Now, Rigler owns Hundred Mile Brewing Co. in Tempe and Adee is the head brewer. On March 8, they hosted their own collaboration day, producing a beer called Beyond The Pale. As of Monday, March 27, it is now available on tap.
The hop-forward pale ale was made with a hop blend created by the Pink Boots Society and shared with over 500 participating breweries around the world. The blend features Loral, Ekuanot, and HBC586 hops, providing notes of citrus, melon, and green tea. One dollar from every pint of Beyond The Pale goes back to the society, with funds supporting professional development and education for members.
Pink Boots Society works to "assist, inspire, and encourage women and non-binary individuals" to enter and advance their roles in the craft beverage industry, according to its website. It started in 2007 with 16 members and has grown to more than 2,500 members in 25 different countries, Rigler says.
“There aren’t many females in the industry, and there’s even fewer owners,” Rigler says, reflecting on the male-dominated industry. The Brewers Association estimates that only 2.9 percent of U.S. breweries are completely female-owned.
“Women used to be the historic brewers, way back when," Rigler says. "Women brewed, not men, so we’re kind of taking that back.”
Hundred Mile Brewing Co., Rigler welcomed people – including women sporting pastel and hot pink rubber boots, a trademark look of society members – while standing next to the door between the tasting room and the 10-barrel brewhouse. Behind her, framed on the wall in a hand-written script, hung a riff on a popular quote with the Pink Boots logo.
"Well-behaved women seldom make beer history," the sign read.
Before founding Hundred Mile Brewing Co., which opened in December, Rigler coordinated Pink Boots Society’s collaboration brew days at breweries around the world. Adee helped restart the Los Angeles chapter of the society because she wanted to create a “safer space for women for learning in the industry.”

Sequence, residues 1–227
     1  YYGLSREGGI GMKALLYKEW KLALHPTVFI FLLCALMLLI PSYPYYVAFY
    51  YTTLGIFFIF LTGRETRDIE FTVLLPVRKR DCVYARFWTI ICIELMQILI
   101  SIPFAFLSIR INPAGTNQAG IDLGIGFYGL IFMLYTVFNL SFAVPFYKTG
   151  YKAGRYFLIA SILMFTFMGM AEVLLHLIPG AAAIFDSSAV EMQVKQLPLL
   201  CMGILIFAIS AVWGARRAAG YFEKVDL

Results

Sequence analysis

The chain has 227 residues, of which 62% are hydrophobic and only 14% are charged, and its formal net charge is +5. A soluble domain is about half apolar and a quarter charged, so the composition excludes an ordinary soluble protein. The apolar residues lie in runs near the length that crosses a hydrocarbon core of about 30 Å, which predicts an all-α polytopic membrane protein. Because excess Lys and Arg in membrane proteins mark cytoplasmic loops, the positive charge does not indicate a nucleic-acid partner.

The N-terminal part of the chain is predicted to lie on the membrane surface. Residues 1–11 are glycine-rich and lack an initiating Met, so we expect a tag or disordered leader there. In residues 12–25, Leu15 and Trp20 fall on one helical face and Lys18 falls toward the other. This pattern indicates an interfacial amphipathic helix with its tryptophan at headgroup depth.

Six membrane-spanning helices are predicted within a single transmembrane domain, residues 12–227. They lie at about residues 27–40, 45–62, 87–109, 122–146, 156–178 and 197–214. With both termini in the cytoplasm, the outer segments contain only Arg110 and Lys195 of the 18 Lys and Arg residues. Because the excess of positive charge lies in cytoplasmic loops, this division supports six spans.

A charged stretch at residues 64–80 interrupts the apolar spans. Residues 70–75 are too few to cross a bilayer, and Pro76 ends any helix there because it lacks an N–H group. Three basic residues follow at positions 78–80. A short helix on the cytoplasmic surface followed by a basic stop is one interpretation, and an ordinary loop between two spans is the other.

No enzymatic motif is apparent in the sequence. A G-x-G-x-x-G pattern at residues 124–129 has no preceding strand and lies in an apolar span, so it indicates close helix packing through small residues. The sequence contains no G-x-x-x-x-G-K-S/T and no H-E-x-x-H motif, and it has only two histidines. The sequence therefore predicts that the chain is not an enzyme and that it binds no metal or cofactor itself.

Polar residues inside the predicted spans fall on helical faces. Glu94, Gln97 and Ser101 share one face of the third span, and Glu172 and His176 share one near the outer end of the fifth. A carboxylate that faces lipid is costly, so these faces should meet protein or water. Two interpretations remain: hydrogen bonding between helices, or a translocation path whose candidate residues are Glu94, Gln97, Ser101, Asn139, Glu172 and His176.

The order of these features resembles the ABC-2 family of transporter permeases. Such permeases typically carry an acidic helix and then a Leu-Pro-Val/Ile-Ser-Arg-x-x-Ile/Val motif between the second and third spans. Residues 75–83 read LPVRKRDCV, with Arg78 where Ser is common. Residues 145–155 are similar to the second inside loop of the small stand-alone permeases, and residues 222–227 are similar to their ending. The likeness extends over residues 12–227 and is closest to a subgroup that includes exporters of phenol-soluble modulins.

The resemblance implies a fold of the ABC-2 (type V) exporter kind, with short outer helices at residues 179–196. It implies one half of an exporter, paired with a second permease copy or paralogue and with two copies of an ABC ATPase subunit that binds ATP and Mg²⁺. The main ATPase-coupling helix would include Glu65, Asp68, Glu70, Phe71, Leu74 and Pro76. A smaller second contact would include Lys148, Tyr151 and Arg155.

The rarity of female brewers follows that of ownership. The Brewers Association estimates women hold about 7.5 percent of brewing roles in the U.S.
“It’s an honor to be one of them,” Adee says. “But it is a tough row to hoe… There are more of us and we’re getting louder. Women are realizing they do have a place in the brewhouse.”
During the brew day, the handful of helpers stepped up a ladder to each pour a 55-pound bag of pilsner malt into an oversized vessel filled with hot water. Pulling samples and taking notes on a clipboard, Adee quickly moved around the brewery floor.
She stopped to point out a measurement she was taking to Krystian Johnson, a cook in Hundred Mile Brewing Co.’s kitchen. Often, when Johnson arrives at work, Adee is already midway into a brew. The brew day allowed Johnson to see the entire process and learn from Adee.
“It’s awesome to see her,” Johnson said of watching Adee work. “I found a teacher for life, in a way.”
That community and connection are what Rigler set out to build through her brewery. Now, she hopes to share the story of the Pink Boots Society through every pint of Beyond The Pale.
“The brew day is about unity, really,” Rigler says. “There's a story in every beer, and that goes beyond gender.”
Hundred Mile Brewing Co.690 North Scottsdale Road, Tempe